DYW participants complete interview phase of program
by JOYANNA LOVE Banner Senior Staff Writer
Jul 11, 2014 | 734 views | 0 0 comments | 3 3 recommendations | email to a friend | print
DYW mock interview
2014 DISTINGUISHED YOUNG WOMAN OF TENNESSEE Courtney Miller conducted a mock interview with this year’s state judges panel. Banner photo, JOYANNA LOVE
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Distinguished Young Women of Tennessee participants faced one of the most nervous moments of the competition Thursday — the interview.

Each girl stood before a panel of five judges and answered questions for 10 minutes.

Judges Janice Walton, Renee Maxwell, Donna French, Ken Maxwell and Debbie Howard took turns asking questions.

The panel of judges came from North Carolina, South Carolina and Georgia.

Judges were given brief biographies of the girls from which to develop questions.

The judges prepared for the format with a mock interview with the 2014 Distinguished Young Woman of Tennessee Courtney Miller.

Questions ranged from explaining her talent presentation to college plans to her views on sororities.

Miller described her talent as an “acrobatic dance routine,” which combines dance and gymnastics.

French asked what she would remember most about the competition. Miller responded saying it was the volunteer and friendship experiences.

College plans for Miller include attending Motlow State Community College and then Middle Tennessee State University to study business.

Questions sometimes built on another question to get more information.

For example, a question about college led to another question about whether Miller would want to work for someone else or own her own business.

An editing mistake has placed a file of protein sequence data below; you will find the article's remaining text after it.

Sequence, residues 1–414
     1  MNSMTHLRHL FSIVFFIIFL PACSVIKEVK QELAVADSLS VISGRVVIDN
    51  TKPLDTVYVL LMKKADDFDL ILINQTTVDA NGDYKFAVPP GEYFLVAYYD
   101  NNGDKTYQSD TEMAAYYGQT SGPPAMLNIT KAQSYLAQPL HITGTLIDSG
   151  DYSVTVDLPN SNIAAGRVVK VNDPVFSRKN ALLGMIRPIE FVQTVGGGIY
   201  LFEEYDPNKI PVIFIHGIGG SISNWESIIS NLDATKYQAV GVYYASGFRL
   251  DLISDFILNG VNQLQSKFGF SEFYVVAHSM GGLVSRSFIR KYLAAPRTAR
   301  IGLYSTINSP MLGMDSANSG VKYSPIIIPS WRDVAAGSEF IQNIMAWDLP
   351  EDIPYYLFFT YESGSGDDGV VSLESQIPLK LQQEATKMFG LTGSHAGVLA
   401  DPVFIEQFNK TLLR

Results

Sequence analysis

“One of my greatest dreams is to own my own gymnastics center,” Miller said.

Ken Maxwell asked what she thought the biggest challenge for her generation after graduation would be. She said dealing with the economy and finding a job.

One of Walton’s questions asked if Miller thought it was still worth it for people to go to college.

Miller said college was not just about education but about the experience, life skills and other preparation for the future.

She was also asked how important sororities were.

“There are sororities that are based on service and education and they have certain guidelines. Then, there are sororities that are just about partying,” Miller said. “I think if you are going to join a sorority, you really need to focus on the one that has service and be involved.”

During each interview, judges score the contestant based on her answers. The final interview score accounts for 25 percent of the girl’s final score

Judges began interviews at 10 a.m. and ended at about 4 p.m.